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Articles by Q Su
Total Records ( 16 ) for Q Su
  H Basciano , A. E Miller , M Naples , C Baker , R Kohen , E Xu , Q Su , E. M Allister , M. B Wheeler and K. Adeli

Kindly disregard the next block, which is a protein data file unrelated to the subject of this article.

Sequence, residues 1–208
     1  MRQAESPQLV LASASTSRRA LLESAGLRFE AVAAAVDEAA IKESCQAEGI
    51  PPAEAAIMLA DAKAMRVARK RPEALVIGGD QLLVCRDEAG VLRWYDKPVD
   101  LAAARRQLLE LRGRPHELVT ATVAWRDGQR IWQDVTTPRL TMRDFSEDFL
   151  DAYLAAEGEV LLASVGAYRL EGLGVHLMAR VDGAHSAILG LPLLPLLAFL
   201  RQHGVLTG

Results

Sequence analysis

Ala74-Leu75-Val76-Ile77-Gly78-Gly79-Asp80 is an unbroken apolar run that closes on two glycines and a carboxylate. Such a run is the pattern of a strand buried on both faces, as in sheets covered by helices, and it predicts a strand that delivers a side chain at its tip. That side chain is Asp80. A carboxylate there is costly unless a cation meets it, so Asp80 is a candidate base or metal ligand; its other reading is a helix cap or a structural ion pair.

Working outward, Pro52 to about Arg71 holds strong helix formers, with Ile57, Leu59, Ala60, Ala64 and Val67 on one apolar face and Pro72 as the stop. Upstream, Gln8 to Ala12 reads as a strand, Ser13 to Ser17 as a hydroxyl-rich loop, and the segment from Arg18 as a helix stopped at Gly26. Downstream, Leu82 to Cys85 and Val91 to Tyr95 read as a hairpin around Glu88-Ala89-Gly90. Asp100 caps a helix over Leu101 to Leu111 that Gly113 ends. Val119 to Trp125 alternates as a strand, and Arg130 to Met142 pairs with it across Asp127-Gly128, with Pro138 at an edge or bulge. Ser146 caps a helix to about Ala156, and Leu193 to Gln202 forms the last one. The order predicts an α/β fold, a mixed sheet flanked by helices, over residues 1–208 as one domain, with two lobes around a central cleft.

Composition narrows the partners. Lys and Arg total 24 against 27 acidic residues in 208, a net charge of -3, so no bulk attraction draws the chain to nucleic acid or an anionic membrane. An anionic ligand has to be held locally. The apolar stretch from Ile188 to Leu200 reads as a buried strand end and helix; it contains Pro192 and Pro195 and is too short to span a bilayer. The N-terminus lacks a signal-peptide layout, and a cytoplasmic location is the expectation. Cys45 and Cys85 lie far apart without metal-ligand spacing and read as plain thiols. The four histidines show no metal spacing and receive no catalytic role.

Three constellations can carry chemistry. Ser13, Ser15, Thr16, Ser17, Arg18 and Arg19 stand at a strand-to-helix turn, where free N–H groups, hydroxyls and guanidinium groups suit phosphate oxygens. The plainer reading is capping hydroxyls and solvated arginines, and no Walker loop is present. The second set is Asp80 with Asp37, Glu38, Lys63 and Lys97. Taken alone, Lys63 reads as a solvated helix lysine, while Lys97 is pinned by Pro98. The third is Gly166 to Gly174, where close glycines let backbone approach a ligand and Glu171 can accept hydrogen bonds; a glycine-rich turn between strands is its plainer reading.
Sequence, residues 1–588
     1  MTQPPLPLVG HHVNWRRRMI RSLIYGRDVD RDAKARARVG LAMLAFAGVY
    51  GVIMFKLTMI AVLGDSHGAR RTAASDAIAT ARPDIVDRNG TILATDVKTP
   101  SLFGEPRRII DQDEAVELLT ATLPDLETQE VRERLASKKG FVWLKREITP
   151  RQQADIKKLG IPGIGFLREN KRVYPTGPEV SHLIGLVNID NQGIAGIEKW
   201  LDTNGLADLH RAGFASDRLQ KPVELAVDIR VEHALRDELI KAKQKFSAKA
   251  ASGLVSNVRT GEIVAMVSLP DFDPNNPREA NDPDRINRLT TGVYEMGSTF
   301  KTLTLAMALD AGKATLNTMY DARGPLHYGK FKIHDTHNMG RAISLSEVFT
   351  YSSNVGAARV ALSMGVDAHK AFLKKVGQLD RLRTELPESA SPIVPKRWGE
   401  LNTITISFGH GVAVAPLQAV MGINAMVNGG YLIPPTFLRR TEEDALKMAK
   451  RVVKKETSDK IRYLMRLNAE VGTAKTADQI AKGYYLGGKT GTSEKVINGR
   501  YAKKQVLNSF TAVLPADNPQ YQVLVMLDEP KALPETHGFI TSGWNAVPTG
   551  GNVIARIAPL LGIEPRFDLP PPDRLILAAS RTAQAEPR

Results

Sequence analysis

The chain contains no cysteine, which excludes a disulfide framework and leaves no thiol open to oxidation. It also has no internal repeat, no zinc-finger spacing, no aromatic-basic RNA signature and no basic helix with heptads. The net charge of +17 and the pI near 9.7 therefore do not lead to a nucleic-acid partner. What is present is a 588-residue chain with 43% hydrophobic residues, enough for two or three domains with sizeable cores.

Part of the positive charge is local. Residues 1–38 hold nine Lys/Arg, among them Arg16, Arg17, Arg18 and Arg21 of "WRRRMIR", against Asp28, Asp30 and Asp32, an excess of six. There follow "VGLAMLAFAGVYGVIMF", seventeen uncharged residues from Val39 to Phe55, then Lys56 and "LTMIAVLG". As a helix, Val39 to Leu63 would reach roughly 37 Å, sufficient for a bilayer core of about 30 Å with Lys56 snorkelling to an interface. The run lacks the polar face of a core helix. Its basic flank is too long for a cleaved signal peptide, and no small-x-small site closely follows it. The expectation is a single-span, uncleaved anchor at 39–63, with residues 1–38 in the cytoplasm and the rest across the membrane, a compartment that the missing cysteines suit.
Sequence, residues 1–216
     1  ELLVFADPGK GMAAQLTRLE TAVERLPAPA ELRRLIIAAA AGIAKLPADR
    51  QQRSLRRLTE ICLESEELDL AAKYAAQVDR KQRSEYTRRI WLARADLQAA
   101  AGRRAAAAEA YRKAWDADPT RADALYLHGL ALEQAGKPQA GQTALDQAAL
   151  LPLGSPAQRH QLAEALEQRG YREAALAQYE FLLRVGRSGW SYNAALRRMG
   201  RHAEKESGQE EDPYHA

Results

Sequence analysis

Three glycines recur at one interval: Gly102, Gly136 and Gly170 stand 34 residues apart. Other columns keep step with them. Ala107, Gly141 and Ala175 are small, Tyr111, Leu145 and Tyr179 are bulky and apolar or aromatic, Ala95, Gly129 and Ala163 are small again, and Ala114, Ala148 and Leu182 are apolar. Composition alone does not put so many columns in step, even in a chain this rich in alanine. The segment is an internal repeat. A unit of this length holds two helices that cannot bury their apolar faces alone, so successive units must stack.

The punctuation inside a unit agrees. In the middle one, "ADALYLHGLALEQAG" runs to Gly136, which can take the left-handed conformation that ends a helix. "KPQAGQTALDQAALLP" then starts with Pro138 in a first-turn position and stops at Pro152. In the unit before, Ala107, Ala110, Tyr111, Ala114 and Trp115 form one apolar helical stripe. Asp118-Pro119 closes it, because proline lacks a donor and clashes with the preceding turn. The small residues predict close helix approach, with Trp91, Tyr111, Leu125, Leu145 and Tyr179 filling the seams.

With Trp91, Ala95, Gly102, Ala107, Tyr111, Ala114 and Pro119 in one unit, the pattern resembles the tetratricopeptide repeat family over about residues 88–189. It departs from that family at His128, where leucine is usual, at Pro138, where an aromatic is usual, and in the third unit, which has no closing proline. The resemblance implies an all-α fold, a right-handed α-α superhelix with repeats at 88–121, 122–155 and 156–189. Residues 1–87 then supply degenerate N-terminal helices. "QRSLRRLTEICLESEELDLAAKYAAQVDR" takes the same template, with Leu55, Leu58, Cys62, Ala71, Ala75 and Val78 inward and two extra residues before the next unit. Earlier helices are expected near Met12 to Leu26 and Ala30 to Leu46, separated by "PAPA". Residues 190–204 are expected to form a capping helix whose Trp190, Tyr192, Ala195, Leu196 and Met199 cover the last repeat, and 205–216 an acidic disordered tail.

Although the atherogenic role of dietary cholesterol has been well established, its diabetogenic potential and associated metabolic disturbances have not been reported. Diet-induced hamster models of insulin resistance and dyslipidemia were employed to determine lipogenic and diabetogenic effects of dietary cholesterol. Metabolic studies were conducted in hamsters fed diets rich in fructose (40%), fat (30%), and cholesterol (0.05–0.25%) (FFC) and other test diets. Short-term feeding of the FFC diet induced insulin resistance, glucose intolerance, hypertriglyceridemia, and hypercholesterolemia. Prolonged feeding (6–22 wk) of the FFC diet led to severe hepatic steatosis, glucose intolerance, and mild increases in fasting blood glucose, suggesting progression toward type 2 diabetes, but did not induce β-cell dysfunction. Metabolic changes induced by the diet, including dyslipidemia and insulin resistance, were cholesterol concentration dependent and were only markedly induced on a high-fructose and high-fat dietary background. There were significant increases in hepatic and plasma triglyceride with FFC feeding, likely due to a 10- to 15-fold induction of hepatic stearoyl-CoA desaturase compared with chow levels (P < 0.03). Hepatic insulin resistance was evident based on reduced tyrosine phosphorylation of the insulin receptor-β, IRS-1, and IRS-2 as well as increased protein mass of protein tyrosine phosphatase 1B. Interestingly, nuclear liver X receptor (LXR) target genes such as ABCA1 were upregulated on the FFC diet, and dietary supplementation with an LXR agonist (instead of dietary cholesterol) worsened dyslipidemia, glucose intolerance, and upregulation of target mRNA and proteins similar to that of dietary cholesterol. In summary, these data clearly implicate dietary cholesterol, synergistically acting with dietary fat and fructose, as a major determinant of the severity of metabolic disturbances in the hamster model. Dietary cholesterol appears to induce hepatic cholesterol ester and triglyceride accumulation, and diet-induced LXR activation (via cholesterol-derived oxysterols) may possibly be one key underlying mechanism.